Triathletes love outdoor training; challenging long-distance sessions are vital for maintaining a strong aerobic base for next season. However, being out in all conditions inevitably presents certain hazards. Here's our guide to staying safe while keeping fit in the months to come.
Safety in numbers
As well as providing motivation for going out in bad weather, cycling in groups makes you much more visible, but there are a few rules you need to follow. "The most important thing to remember is that by riding in front of someone you are blocking their view of the road ahead and they have to rely on you to indicate hazards," says Anne Fuller, a triathlete who has represented Great Britain and completed five Ironman events. "So you need to use a combination of hand signals and voice to indicate hazards."
Going the distance
If you're planning a long run or bike ride, David Tilbury-Davis, a Level III triathlon coach, recommends that you carry a mobile phone in a waterpoof bag - it won't be much use if it gets soaked in a sudden downpour. "And ensure it is programmed with a contact called ICE, which stand for In Case of Emergency, as emergency services will look for this," he says.
"Also, carry some change for emergency rations." Tilbury-Davis also suggests letting a friend or relative know how long you plan to be out and asking them to ring your home to check that you're back.
All about the bike
It's not just you that has to be looked after during the winter months, your gear also needs some consideration. And there is little point dragging out your competition bike for training in harsh conditions. "Think of the beautiful paintwork on your best racing bike all covered in mud, and your best wheels ploughing through the floods," says Fuller. "A cheap training bike is a useful piece of kit at this time of year and your cycling will benefit from riding something which is not as light and responsive as your racing bike. Ideally, buy secondhand - it doesn't not have to look good, it just has to have a good-quality groupset that will last longer than cheaper components."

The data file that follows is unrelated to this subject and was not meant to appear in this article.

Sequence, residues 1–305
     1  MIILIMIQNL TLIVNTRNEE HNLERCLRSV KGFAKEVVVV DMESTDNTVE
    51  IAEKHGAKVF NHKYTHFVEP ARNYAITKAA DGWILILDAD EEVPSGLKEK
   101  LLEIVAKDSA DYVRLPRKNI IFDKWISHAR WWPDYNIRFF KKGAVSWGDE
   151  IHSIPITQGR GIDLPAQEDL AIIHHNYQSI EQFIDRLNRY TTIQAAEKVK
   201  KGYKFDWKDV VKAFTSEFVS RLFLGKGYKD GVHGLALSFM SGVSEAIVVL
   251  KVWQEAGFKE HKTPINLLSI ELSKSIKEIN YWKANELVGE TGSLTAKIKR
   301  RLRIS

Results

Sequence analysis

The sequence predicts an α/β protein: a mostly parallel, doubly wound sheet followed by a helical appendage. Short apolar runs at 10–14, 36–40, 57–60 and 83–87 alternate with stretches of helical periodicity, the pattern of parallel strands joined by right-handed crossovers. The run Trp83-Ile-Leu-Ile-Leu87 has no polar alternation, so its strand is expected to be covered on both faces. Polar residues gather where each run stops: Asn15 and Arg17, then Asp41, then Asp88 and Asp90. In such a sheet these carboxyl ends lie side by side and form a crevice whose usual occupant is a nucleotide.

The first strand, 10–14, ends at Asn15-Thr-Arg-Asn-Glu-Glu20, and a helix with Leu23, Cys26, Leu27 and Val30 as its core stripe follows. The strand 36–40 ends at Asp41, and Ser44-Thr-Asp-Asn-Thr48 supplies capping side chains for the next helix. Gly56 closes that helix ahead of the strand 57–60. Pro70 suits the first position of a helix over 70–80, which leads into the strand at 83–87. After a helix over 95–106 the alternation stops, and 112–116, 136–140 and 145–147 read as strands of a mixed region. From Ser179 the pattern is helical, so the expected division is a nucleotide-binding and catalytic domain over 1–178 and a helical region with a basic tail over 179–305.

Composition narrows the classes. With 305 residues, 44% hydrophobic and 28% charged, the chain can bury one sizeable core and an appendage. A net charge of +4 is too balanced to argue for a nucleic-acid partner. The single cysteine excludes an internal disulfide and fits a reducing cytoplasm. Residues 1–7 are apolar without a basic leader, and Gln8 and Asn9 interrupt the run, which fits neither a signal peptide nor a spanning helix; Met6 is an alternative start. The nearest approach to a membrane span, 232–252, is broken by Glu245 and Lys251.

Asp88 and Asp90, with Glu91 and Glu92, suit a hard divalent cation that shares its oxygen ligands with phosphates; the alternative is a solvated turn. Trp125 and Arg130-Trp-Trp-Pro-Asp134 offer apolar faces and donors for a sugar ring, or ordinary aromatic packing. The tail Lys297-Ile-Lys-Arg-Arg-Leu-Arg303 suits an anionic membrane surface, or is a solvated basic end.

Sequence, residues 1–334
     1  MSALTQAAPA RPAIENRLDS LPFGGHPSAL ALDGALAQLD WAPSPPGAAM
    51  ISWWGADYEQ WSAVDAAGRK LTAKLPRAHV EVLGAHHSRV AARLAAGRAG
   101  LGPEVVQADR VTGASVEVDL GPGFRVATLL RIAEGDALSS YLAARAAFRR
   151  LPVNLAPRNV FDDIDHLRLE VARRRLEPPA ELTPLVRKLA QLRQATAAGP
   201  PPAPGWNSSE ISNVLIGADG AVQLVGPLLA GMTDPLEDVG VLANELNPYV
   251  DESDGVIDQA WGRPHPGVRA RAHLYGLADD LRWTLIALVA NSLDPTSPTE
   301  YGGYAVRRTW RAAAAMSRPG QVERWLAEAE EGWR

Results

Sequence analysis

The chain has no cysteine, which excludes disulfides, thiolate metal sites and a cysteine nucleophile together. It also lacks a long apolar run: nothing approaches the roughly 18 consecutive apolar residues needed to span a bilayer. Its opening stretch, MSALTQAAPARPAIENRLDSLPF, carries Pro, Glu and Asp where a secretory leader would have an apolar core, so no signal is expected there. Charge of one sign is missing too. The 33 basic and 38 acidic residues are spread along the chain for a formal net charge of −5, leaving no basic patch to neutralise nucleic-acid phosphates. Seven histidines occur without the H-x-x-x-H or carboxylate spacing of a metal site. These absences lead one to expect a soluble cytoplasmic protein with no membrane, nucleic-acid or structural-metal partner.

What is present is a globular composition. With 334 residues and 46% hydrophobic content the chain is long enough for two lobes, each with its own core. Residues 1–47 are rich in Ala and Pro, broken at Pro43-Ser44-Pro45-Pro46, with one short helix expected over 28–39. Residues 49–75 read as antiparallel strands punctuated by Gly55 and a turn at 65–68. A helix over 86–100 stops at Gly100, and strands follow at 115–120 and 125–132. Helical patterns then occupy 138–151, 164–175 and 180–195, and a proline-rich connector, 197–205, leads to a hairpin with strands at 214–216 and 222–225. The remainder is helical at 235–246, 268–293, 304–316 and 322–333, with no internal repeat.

Slippery when wet
If you only have one bike, Fuller recommends replacing slick summer tyres with tyres that are wider (around 23mm) and have a better tread, since they'll be safer on treacherous roads. "And I recommend SPD-type shoes that allow you to walk normally, as metal cleats on icy roads are far too dangerous," she says.
Take a break
Getting away from the misery of the British winter to train in the sun is a great way to put a spring in your step - but not if you push yourself too fast and too hard, as you run the risk of injury. You'll get the most out of a training break if you remember that you are there to train for races - not to 'win' the training sessions. "Take rest days if you need them - you are not being a wimp, just listening to your body," says Fuller. "And if the main groups are riding at the wrong pace for you, form your own sub-groups - I have had a thoroughly enjoyable time riding with 'group 2B' in the mountains and doing the more challenging rides without killing myself."
Triathletes are hardy souls but, there are some days when it's best to stay indoors. "If there is ice on the roads, I don't ride outside," says 2008 ITU World Champion Helen Jenkins. "I crashed a few times in the ice last winter so now I stay inside on the turbo. Although it can be boring, it's just not worth risking it." Tilbury-Davis agrees that turbo training can be tedious, but believes this can help you build mental toughness as well as fitness. "Many athletes from northern states in the US do just fine with this approach during winter," he says.
It's easy to forget the fluids when training in the cold because we sweat less and often don't feel as thirsty. However, according to Dr Garry Palmer, co-author of Cycling: Successful Sportives, we also lose body fluid from vapour lost in the breath. "The majority of this fluid is coming from your blood, and as the blood volume drops it will cause a rise in your heart rate, circulatory distress and a reduced ability to deliver oxygen to working muscles," says Palmer. "Significantly, a two per cent loss in body mass through sweating will cause as much as a 20 per cent drop in performance levels." So keep drinking, even if there's ice forming on your drinks bottle.